The Mousecat , also known as Micecats, are small to medium sized non-domesticated mammals. Most of the Mousecat population is in Eastern Europe and Australia although there is the rare occasion of seeing several in the United States. They resemble a long hair Siamese cat with more than average sized lavender eyes and a bald hindquarter. They also have a long stringly tail resembling a rat’s tail. Also, these creatures have extraordinary long claws to make up for the lack of sharp teeth. They do have teeth, but they rely on shredding their prey to smaller bits to swallow the bits whole.
Not to be confused with house cats, these creatures are not friendly to humans and tend to live in the sewers or other damp areas. Because of their independent nature, they tend not to travel in packs and only roam amongst other animals when deemed necessary. The Mousecat prefers solidarity and only seeks another’s company when they are ready to mate. In the spring the Mousecats will howl continuously until a mate is found. The sound resembles a moose call.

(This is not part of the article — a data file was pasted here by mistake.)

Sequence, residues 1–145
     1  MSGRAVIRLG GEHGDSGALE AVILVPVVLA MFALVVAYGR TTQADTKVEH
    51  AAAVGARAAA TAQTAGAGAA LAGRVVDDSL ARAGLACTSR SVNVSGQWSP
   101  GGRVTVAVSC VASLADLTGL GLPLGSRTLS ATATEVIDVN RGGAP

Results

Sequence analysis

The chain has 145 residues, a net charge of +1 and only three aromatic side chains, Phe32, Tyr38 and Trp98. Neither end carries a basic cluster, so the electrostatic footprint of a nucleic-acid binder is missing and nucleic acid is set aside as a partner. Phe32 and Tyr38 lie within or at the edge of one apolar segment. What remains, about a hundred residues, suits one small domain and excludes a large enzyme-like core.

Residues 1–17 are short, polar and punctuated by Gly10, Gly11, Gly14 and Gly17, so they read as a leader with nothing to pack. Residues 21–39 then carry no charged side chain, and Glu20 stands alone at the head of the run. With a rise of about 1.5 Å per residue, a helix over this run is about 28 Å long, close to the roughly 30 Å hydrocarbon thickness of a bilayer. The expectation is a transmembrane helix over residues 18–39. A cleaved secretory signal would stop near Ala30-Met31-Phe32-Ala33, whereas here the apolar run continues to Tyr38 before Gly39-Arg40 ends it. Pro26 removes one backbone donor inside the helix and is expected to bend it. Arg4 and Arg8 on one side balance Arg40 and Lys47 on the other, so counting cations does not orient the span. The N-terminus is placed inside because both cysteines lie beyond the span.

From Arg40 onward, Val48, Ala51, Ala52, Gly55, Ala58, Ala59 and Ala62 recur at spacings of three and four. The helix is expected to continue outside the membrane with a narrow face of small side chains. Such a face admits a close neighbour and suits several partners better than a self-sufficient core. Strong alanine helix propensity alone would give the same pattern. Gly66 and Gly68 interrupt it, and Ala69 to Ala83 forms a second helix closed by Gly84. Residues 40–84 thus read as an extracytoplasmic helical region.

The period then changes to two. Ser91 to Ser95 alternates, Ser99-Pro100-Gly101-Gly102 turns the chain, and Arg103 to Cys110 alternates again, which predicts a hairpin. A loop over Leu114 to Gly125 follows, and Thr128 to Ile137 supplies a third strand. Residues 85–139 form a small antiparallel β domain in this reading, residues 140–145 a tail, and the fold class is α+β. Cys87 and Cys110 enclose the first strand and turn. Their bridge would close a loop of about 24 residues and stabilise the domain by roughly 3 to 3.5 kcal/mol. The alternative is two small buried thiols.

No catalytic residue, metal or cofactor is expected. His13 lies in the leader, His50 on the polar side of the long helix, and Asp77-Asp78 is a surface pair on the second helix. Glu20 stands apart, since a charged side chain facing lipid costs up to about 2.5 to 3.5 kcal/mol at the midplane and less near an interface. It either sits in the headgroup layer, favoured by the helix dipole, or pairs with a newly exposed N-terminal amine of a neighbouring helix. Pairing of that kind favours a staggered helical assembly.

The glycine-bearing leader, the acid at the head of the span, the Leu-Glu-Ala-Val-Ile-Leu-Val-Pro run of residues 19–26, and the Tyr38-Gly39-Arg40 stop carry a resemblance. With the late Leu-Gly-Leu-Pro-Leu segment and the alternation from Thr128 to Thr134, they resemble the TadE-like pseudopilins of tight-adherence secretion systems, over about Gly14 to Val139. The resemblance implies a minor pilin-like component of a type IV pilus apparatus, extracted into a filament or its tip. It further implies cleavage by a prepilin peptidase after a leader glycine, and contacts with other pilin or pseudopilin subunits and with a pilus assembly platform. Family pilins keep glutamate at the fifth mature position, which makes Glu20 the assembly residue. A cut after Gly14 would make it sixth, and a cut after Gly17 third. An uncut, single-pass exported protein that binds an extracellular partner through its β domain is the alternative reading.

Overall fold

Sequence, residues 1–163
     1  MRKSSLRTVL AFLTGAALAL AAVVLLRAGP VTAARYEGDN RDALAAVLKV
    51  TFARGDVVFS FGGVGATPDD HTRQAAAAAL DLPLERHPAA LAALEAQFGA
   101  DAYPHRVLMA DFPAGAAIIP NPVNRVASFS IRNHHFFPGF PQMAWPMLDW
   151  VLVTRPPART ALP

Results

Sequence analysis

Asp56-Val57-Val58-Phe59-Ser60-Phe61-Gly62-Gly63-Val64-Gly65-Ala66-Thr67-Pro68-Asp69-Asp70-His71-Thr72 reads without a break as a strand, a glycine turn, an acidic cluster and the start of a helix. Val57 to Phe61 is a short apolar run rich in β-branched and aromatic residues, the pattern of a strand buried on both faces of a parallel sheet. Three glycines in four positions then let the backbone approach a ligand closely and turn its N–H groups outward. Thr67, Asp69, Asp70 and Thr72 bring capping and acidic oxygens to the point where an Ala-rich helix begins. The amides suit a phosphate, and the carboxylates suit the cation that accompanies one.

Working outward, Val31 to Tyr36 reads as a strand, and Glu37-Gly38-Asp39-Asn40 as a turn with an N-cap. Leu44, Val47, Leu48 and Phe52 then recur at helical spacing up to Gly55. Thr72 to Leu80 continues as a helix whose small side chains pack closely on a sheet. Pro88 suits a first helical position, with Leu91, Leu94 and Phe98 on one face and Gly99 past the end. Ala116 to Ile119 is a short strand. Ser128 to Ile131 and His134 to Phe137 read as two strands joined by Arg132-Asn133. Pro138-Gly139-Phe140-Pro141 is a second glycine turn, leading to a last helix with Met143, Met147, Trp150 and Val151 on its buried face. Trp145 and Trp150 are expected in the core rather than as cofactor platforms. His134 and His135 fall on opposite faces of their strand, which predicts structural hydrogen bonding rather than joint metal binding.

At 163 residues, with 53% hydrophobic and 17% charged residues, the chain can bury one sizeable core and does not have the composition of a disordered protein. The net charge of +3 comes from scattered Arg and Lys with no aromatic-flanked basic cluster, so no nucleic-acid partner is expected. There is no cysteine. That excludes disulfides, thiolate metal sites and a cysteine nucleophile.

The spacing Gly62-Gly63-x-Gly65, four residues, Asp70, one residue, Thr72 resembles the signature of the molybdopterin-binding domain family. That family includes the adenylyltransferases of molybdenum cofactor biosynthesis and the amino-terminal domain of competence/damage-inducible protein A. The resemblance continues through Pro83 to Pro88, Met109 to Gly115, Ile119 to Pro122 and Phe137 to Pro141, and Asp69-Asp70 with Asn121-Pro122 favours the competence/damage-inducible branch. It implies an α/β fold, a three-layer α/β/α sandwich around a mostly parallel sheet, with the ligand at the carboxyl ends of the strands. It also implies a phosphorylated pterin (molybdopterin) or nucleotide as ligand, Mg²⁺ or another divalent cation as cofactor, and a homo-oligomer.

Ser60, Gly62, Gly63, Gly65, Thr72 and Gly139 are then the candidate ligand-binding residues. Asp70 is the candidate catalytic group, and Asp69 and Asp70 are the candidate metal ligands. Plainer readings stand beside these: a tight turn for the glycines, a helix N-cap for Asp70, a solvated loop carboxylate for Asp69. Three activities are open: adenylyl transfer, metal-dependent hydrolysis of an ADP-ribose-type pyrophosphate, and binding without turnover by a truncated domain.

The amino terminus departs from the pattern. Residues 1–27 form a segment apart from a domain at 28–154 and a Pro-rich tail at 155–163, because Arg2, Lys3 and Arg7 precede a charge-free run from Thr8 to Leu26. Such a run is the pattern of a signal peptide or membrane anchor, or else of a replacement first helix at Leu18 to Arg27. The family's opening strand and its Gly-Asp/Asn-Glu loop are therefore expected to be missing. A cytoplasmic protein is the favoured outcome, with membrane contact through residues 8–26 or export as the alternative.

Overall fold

The anatomies of these animals are similar to those of a cat in terms of having strong bodies, quick reflexes, and acute hearing. They have strong digestive systems and can digest anything they can swallow whole. It was recorded in 1987 that a mousecat died and was then discovered in at autopsy that it had tried to swallow a frog whole and choked. If it had been successful in swallowing the frog, the digestive system would not have had a problem.